Alsace's 2005 Vintage

Alsace did not enjoy most-favored region status during France’s beautiful summer of 2005, but this continental corner of northeastern France benefited significantly from Indian summer conditions in the middle of October. Following a warm and dry summer, some cool weather in August helped to preserve acidity levels in the grapes. The region then endured a couple days of substantial rainfall in early September, which brought an element of dilution to the grapes in some sites. The rest of that month was dry and warm. Estates around Colmar and further south brought in some of their best fruit during the last days of September, generally with solid sugar levels and little or no rot, perfect for making drier-style wines.

The first week of October was then overcast, with several days of moderate precipitation. The following two weeks, by all accounts, featured near-perfect conditions for the spread of noble rot: foggy mornings and sunny afternoons following the rainy period. As the grapes lost water and and gained in concentration, sugar levels rose and acidities remained healthy. Some of the late pickers made sizable quantities of high-quality late-harvest wines in 2005, not just Vendanges Tardives but, where noble rot was rampant, Sélections de Grains Nobles too.

Riesling, so often the standout in cooler and less sunny years, was less consistent than either pinot gris or gewürztraminer in 2005. Riesling vineyards with the hottest expositions and with thinner soils often suffered from a blockage of maturity during the hot, dry conditions of July and early August, and some of the late-picked riesling was also subject to rot in October. While a number of growers brought in riesling rich in noble rot, others admitted to having grey rot too, and some rieslings from 2005 lack purity and definition.

Based on my extensive tastings last September, pinot gris and gewürztraminer were often splendid in 2005: aromatically expressive, wonderfully fruity and rich wines with enough acid support to give them freshness, shape and the structure for at least mid-term aging. Yields were down, often by a wide margin, from the elevated levels of 2004. Yes, too many Alsace wines continue to be bottled with a surfeit of residual sugar, but in a vintage like 2005 at least, the better wines have enough acidity to maintain balance.

I’d rate the 2005 vintage four stars plus (out of five) for gewürztraminer, four stars for pinot gris and three stars plus for riesling. Not surprisingly, it’s also a year in which pinot noir was particularly fleshy and ripe. Pinot noir has not been commercially important for more than a tiny minority of Alsace’s producers to this point, but global warming is no doubt lifting the average quality of this variety in Alsace, just as it’s making it ever harder for the top estates to produce dry wine.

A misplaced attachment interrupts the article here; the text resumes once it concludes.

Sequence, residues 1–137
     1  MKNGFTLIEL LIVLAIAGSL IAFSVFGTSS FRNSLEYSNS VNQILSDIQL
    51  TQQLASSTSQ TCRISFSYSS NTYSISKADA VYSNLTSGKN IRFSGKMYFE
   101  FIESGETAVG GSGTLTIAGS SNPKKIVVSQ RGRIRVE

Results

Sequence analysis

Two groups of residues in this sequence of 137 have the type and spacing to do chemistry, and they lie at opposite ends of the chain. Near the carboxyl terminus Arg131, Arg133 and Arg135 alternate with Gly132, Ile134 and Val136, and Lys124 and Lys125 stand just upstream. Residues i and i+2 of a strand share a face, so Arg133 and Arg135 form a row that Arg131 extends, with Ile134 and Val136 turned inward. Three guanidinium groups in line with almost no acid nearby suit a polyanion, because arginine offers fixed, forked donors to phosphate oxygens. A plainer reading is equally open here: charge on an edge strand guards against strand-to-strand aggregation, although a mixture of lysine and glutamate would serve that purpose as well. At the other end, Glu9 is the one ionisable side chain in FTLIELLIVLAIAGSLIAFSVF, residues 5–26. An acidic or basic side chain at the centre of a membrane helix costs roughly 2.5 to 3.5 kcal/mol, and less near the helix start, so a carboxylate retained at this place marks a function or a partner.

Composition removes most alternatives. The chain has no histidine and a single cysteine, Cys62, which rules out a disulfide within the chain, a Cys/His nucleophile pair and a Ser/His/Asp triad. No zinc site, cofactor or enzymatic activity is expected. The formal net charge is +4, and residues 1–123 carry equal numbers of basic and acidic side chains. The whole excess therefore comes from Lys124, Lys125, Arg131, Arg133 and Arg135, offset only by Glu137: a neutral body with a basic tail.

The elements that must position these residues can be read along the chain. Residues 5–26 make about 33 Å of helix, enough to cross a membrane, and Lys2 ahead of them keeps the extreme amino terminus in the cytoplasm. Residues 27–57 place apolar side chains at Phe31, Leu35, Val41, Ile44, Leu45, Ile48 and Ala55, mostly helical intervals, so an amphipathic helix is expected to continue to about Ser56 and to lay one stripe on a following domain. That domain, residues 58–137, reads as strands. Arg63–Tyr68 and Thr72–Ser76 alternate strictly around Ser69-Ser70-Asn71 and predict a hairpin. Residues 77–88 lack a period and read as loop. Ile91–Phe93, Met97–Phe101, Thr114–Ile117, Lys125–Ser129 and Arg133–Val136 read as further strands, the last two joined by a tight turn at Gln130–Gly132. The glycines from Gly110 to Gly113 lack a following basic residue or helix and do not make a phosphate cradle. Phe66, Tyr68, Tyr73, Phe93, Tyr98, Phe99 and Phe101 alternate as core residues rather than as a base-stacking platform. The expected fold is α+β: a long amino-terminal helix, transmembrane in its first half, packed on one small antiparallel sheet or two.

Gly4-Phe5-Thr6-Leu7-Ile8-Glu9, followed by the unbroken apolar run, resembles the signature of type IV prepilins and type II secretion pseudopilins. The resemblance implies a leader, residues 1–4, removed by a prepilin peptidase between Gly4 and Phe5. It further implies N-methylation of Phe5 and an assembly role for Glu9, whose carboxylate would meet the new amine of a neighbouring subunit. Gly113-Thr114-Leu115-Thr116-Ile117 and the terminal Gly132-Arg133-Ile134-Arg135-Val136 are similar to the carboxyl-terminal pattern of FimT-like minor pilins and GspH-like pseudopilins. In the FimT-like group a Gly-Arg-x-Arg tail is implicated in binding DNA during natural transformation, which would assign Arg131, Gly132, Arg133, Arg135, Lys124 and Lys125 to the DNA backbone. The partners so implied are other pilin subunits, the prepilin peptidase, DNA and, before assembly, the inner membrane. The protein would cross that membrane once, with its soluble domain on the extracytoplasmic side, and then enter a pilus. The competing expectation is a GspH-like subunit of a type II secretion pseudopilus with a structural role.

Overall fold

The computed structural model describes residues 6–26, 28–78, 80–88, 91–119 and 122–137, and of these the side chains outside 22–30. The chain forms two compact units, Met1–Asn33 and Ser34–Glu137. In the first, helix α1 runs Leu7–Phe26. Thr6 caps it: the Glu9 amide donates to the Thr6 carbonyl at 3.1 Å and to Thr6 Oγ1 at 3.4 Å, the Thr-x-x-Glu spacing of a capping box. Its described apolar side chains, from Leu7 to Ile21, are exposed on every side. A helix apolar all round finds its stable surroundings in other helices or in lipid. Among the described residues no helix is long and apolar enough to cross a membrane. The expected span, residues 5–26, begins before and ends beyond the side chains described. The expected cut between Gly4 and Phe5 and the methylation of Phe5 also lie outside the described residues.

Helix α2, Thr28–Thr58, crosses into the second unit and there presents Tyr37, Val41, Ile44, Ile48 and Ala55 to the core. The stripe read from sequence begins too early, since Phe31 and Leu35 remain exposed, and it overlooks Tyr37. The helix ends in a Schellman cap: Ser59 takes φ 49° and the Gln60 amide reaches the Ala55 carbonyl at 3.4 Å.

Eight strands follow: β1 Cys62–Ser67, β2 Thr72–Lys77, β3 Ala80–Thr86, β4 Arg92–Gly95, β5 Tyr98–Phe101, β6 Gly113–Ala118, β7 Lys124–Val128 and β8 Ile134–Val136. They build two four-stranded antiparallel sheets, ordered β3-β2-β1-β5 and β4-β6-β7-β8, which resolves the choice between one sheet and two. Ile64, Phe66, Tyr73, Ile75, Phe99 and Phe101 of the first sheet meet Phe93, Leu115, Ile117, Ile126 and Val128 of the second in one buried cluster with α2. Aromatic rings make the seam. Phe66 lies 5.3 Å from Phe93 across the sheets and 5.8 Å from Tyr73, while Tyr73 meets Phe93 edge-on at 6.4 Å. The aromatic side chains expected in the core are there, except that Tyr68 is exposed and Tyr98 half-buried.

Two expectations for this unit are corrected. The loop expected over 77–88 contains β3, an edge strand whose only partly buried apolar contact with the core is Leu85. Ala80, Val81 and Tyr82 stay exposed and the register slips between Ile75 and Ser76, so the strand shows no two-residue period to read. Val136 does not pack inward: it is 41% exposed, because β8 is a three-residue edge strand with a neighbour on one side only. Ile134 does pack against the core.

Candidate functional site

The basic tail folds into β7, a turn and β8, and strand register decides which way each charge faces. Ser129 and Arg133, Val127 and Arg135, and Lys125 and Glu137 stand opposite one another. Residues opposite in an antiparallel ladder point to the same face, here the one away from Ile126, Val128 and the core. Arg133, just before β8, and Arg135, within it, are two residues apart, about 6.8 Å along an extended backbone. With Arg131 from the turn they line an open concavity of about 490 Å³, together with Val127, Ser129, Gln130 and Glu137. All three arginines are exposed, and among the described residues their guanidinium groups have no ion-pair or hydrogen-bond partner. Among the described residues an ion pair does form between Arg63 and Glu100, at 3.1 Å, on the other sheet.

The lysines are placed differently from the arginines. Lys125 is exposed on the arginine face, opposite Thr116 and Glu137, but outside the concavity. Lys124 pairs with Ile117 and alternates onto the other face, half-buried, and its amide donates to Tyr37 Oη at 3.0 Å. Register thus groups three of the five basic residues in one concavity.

Many 2005s have the seductive fruit qualities to offer great early appeal, but some of the richest wines, as in Chablis and the Côte d’Or, are quite austere today and will need extended bottle aging. The best of these latter wines, though, appear to have the concentration, acid spine and mineral underpinning to repay cellaring. I recommend that you use the tasting notes and don’t rely entirely on the scores to select wines you’re likely to enjoy. You will quickly understand that, as with white wines from Burgundy, 2005 is a vintage in which sheer ripeness of fruit frequently trumps vineyard character, at least in the early going. As in those other two areas, plenty of outstanding wines were made, but not all of them will satisfy drinkers who crave classic, dry, soil-driven wines—as opposed to fleshier, more fruit-forward examples they may well view as too New World in style.

As veteran IWC readers will recall, I published notes on 2004s last fall, based on my tastings in Alsace in September, but held off publishing on the 2005 vintage due to space constraints, and because these wines were not yet in the marketplace (top bottlings from a number of the estates included in this issue will not arrive until this fall or next year—or even later). So please refer to my brief profiles on Alsace’s top estates in Issue 129 for more detailed technical information. My brief comments on each producer in this issue focus mainly on the 2005 vintage. The overwhelming majority of notes are on finished wines. In a number of cases where I tasted wines prior to bottling in Alsace last September, I was able to taste the finished wines in recent weeks.